During the holidays, it can be easy to forget the true meanings behind the Christmas season amidst the hustle and bustle fighting the crowds at the mall. But, a show like Theatrical Outfit’s The Gifts of the Magi, written by Mark St. Germain with music by Randy Courts, reminds us that love can be the best gift anyone can give.
Featuring a complex score, the musical, based on O. Henry’s short story “The Gift of the Magi,” seems more like Sondheim than the traditional seasonal sounds. While the music is unfamiliar, the story itself isn’t since it is anthologized in literature text books across the country. In the story, a young married couple (Nick Arapoglou and Caroline Freedlund) struggle with finances during the Christmas season. Determined to buy one another a gift, each sacrifices something in order to buy a gift, resulting in an ironic ending.
Since the story of the couple is too short to create a full-length musical, the production also includes the side narrative of a homeless man’s (Glenn Rainey) struggles to get arrested for Christmas. A narrator of sorts (Bernardine Mitchell) weaves the two tales together. Aiding her are two “towns people” (Jeff McKerley and Adrienne Reynolds), who perform multiple roles as City Him and City Her.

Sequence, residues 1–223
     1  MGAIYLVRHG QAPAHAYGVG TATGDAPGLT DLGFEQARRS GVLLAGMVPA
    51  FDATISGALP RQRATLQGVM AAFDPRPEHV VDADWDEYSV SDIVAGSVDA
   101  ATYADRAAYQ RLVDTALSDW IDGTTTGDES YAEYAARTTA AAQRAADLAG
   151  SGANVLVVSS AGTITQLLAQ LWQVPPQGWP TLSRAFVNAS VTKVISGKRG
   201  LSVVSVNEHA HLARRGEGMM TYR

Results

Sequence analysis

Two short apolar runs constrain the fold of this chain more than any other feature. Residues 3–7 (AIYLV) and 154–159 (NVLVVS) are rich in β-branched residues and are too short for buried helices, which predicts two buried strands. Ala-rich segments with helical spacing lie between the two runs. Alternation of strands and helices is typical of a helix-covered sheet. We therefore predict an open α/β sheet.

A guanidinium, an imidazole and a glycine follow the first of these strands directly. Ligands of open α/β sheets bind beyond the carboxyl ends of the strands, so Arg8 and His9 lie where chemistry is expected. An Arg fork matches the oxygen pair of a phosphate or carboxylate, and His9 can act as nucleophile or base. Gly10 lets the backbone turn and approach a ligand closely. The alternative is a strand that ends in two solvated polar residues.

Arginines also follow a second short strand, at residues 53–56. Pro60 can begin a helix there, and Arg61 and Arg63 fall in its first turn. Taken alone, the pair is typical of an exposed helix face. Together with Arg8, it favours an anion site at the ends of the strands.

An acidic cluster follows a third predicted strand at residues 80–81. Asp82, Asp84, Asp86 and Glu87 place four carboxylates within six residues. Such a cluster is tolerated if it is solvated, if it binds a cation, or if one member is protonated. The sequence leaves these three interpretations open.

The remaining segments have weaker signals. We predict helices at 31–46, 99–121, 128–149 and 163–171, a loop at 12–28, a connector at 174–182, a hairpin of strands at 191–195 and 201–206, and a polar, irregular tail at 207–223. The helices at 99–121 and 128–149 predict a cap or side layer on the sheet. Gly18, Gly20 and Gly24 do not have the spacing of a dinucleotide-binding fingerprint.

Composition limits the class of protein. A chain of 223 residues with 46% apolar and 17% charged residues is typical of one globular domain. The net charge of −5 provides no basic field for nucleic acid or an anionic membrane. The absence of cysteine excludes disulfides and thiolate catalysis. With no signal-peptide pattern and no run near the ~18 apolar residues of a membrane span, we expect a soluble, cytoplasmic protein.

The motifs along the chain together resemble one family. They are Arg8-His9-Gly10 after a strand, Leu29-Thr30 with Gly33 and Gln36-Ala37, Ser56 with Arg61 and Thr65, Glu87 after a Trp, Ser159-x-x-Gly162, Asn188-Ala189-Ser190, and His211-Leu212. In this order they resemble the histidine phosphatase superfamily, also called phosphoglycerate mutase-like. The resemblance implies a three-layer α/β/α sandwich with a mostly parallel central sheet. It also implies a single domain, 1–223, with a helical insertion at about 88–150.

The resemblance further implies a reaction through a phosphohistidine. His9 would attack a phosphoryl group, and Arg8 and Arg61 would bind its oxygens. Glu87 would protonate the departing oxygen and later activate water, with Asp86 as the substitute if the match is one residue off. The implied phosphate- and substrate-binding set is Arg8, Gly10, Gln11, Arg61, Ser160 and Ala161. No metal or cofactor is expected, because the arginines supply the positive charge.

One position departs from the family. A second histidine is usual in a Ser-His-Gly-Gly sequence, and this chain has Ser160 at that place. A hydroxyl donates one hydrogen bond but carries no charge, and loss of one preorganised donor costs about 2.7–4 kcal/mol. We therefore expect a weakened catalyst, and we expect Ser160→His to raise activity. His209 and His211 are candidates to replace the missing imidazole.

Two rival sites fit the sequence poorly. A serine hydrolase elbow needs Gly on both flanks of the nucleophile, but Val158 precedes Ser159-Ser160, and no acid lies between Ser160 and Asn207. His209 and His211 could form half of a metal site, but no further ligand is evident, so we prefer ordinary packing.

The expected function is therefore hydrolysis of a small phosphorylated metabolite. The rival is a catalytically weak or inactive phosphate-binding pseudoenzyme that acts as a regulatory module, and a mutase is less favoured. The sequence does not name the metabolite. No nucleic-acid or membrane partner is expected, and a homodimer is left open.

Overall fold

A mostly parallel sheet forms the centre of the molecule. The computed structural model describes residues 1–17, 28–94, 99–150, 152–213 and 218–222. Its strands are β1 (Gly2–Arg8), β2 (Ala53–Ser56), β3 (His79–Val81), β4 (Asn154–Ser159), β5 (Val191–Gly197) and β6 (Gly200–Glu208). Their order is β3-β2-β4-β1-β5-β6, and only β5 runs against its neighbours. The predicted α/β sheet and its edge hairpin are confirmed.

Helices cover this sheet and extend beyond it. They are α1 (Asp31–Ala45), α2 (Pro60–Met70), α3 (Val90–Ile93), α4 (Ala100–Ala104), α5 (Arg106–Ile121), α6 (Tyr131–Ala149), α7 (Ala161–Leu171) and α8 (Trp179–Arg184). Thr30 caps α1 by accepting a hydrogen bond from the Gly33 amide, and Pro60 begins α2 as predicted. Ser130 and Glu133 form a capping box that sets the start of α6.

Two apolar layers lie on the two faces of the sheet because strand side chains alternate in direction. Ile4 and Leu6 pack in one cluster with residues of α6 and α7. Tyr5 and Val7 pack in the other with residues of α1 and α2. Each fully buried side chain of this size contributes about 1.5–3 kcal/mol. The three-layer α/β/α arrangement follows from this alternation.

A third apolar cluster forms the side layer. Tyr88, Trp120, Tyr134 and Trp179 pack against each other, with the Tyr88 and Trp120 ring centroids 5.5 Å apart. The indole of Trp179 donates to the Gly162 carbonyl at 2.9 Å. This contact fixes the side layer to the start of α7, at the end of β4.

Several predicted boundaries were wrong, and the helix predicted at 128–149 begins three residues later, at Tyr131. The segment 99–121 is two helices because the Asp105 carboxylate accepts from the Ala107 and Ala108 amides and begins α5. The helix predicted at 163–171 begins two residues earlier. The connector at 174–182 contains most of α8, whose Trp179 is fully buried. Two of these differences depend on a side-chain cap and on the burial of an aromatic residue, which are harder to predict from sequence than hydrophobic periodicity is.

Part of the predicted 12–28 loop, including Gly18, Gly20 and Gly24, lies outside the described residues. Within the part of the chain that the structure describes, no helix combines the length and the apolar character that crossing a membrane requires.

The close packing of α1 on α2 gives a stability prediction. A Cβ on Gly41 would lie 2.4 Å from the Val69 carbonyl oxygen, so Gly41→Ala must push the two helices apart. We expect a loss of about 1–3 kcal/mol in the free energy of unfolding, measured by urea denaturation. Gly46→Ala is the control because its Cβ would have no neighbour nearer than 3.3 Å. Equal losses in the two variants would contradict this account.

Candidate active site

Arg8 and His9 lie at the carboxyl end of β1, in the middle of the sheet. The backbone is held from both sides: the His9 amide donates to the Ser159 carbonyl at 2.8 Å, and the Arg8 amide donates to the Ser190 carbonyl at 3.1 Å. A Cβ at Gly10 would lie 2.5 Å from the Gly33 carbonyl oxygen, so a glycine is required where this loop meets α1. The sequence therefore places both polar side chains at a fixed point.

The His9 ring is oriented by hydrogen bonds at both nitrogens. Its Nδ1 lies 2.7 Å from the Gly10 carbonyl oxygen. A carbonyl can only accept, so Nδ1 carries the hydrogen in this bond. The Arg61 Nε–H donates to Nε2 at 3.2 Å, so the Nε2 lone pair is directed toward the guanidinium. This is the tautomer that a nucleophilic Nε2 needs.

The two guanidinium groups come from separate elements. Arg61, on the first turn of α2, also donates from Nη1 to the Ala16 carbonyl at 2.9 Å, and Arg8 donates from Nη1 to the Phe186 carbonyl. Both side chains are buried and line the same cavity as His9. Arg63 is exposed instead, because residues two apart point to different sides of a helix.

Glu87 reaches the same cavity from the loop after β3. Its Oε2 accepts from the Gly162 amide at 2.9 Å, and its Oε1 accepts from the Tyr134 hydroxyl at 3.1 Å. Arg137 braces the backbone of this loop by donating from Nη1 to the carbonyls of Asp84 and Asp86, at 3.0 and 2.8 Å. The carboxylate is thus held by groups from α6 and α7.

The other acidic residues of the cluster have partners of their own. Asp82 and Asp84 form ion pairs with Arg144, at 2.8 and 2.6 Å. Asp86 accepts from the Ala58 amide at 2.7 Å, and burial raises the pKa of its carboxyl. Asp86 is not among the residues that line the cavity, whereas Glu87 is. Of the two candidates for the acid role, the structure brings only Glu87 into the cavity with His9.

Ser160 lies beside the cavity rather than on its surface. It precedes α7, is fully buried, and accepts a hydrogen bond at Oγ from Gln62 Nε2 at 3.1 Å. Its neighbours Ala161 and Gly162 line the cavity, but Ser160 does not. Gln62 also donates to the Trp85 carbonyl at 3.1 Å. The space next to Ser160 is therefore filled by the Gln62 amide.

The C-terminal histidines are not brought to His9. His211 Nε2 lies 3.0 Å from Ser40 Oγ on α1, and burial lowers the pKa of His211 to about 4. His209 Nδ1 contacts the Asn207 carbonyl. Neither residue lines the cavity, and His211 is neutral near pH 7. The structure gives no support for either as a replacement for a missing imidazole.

As the young couple, Arapoglou and Freedlund provide strong performances, and Rainey entertains as Soapy. Both Reynolds and McKerley show off their comedy chops in the amusing roles they play, which feature some of the smartest, funniest lines in the show.
But, it is Mitchell that truly holds the show together with her phenomenal performance. Her soaring vocals and warm, mysterious demeanor give the show a charming quality that would otherwise not exist if the role was cast traditionally as a newsboy.
Musically, the show is beautiful. Under the musical direction of S. Renee Clark, the cast sings with just a piano accompaniment, which gives the show a more intimate feel. However, the book of the show, while wonderfully acted by the cast, doesn’t quite match the grandeur of the score, especially the side story, which detracts from the main characters and their conflict.
In true holiday fashion, snow fills the stage during the uplifting finale and highlights set designer Tommy Cox’s streetscape, which includes holiday decorated light poles against the backdrop of the city. The snow, together with the musical number, provides a picturesque ending to this holiday musical.
Directed by Heidi Cline McKerley, The Gifts of the Magi plays Theatrical Outfit through December 23, 2012 at The Balzer Theater at Herren’s. For tickets and more information, please visit the theater’s website. The show runs ninety minutes without an intermission.
– Kenny Norton